Humans don’t have a great track record of ‘knowing it all’

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photo by Evan Dennis, Unsplash

We have all seen the videos of a certain president who proclaims that he knows “more about [blank] than anybody.” Whatever it is — trade, ISIS, technology, walls, military, spray tans — he knows more than the so-called experts.

And we all laugh.

But do we act much differently in our own lives? Sure, we may not have the audacity to claim that we know everything, but we often act like it.

I’m guilty as charged.

At least, until I take a step back and realize how often that I’m wrong.

In fact, when we look back at recent human history, we are surrounded by evidence that we’re all wrong.

She doesn’t worry, despite the imperfections in her life.

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photo by Nathan Fertig, Unsplash

Have you ever noticed that cats don’t notice themselves in mirrors?

At least mine doesn’t.

I always wondered why they weren’t more fascinated by their own image or even thought it was another cat they could play with.

Heck, my cat will play with her own tail.

Then it hit me: It’s not that cats don’t notice themselves in mirrors — it’s that they don’t care.

They don’t care the same way they can sleep through a loud action movie, or people talking, or me petting their heads.

It’s background to them.

They have assimilated.

And despite their own limitations in this world, Christmas is just like any other day. …

Whereas human beings, here on Earth, are immobilized by pettiness and the religion of personal accountability.

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Sometimes, all I can do is imagine it: A more-sophisticated extraterrestrial traversing inch by inch through my night sky, connecting dots that my little eyes cannot resolve as two separate and distinct objects, because they are so far away.

While I sit in my little house, wondering what my finite existence has to offer within my 80 earth years, these creatures cross light-years with ease. As my world gets smaller, with plague and poverty and war destroying any possibility of contentment, an alien race confidently uncovers more and more of the deep mysteries in our universe.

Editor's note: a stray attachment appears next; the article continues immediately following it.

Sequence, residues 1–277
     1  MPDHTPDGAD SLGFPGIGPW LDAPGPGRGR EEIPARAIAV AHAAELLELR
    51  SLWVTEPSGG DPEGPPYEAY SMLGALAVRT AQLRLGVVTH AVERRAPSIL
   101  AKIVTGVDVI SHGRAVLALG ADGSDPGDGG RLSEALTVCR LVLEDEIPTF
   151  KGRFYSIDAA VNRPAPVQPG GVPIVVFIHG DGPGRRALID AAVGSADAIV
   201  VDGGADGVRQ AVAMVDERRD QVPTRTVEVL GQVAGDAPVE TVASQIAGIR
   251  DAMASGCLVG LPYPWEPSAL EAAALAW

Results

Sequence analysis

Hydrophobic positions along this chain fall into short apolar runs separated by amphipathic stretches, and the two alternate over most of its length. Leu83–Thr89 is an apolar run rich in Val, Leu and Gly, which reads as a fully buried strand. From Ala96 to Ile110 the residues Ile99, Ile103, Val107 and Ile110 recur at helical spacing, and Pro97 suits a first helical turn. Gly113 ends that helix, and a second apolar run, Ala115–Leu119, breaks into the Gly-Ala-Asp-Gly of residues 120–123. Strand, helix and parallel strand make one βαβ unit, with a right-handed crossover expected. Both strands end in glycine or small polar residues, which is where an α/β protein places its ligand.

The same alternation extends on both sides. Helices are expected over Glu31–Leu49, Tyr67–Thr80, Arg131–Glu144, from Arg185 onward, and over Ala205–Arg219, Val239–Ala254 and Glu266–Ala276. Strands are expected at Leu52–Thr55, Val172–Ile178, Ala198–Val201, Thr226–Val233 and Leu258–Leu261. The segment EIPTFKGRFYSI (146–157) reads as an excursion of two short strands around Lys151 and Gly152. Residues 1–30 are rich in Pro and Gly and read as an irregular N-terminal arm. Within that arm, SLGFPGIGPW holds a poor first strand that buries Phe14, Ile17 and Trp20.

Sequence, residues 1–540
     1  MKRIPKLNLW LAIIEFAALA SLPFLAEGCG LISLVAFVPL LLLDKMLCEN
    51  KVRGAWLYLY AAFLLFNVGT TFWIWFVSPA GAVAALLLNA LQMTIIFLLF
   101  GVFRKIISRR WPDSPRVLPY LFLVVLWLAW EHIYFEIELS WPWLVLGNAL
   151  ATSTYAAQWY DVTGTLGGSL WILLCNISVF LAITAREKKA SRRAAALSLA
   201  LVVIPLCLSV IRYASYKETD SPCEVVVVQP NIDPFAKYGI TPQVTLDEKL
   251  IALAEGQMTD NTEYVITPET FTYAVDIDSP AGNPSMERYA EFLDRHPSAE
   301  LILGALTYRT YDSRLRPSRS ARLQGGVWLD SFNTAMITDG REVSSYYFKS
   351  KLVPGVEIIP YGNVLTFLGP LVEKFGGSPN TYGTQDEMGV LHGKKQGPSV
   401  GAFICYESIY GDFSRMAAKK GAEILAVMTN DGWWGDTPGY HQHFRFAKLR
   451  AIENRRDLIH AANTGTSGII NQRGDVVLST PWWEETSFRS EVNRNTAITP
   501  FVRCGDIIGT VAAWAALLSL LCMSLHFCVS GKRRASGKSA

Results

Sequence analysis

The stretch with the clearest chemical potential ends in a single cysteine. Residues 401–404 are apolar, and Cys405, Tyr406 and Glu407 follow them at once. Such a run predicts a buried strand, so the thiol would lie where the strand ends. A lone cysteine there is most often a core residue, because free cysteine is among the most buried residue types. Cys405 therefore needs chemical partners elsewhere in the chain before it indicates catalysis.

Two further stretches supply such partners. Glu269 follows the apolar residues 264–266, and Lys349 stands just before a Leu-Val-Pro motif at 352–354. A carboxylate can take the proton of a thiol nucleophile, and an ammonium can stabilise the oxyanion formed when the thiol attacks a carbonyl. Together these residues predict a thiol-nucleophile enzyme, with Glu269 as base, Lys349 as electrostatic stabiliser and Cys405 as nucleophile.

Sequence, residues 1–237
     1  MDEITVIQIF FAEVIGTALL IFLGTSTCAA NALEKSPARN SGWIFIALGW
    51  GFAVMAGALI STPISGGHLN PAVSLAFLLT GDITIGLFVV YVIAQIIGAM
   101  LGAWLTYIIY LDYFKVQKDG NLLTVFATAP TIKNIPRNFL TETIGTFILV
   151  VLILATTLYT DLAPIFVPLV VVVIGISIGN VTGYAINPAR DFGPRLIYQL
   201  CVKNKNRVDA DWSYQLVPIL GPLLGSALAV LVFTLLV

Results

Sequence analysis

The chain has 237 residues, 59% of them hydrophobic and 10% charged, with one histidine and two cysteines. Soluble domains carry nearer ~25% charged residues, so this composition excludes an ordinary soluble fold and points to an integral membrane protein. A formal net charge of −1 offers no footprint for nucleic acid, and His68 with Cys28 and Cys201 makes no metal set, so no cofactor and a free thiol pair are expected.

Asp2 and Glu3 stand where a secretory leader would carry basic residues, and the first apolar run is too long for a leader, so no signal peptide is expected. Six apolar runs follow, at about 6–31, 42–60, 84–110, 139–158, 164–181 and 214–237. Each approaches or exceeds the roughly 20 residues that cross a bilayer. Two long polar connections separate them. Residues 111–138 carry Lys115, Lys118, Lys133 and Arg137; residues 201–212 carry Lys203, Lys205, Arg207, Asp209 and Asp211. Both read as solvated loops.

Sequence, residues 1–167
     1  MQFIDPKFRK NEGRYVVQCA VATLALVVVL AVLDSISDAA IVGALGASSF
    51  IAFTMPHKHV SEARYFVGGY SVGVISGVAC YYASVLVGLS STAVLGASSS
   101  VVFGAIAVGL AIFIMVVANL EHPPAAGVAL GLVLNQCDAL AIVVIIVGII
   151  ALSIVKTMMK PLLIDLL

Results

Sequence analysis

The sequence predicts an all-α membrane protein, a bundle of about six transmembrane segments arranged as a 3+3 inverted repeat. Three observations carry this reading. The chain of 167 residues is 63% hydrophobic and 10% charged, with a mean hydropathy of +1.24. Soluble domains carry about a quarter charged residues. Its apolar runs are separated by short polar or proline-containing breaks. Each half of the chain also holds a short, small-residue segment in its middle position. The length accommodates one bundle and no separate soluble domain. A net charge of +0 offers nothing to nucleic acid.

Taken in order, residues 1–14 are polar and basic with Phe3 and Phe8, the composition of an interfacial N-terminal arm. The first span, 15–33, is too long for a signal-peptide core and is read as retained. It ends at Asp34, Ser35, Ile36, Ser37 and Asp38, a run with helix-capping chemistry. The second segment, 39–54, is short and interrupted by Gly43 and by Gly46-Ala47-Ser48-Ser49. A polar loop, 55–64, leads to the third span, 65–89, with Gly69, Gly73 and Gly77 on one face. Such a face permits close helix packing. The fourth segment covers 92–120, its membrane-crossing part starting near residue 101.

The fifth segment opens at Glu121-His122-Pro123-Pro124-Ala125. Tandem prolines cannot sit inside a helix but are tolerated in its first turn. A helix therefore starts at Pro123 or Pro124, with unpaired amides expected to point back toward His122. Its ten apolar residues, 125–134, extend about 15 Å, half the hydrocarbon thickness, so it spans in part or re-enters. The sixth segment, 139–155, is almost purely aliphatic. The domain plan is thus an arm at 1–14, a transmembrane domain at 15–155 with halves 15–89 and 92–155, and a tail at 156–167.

Somewhere, there is a living thing that has discovered an endless fountain of fulfillment — eternal happiness — where they can continuously satisfy their intellectual curiosities, emotional longings, and physical adventurism. …

How I reconcile my desire to go off the grid with my need to make positive change.

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Last week, I was driving on a dirt road in the barren desert of eastern Utah, where I was looking for a place to park my car for the night. Arches National Park was “full,” and the lighted sign there said to check back in three hours. I said, screw it — I’m just gonna find a good spot to chill for the day. And I found it.

The spot was against a hill just south of the park and would act as a great back wall for my camping ground. It was sunny and hot at that moment, but I knew that as the sun moved across the sky, and finally set in the west, I would have enough shade soon enough. …

You don’t have to like it, but you aren’t allowed to shut off the mike.

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photo by Matthias Wagner | Unsplash

Back in 1896, the owner of The New York Times stated a goal was “to make of the columns of The New York Times a forum for the consideration of all questions of public importance, and to that end to invite intelligent discussion from all shades of opinion.” Unfortunately, this is not currently the situation.

But it’s not just at The Times — this is the case across the mainstream media with regards to what stories are written, how stories are written, and who writes them. …

Am I afraid of a semi-hostile world?

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It’s raining outside.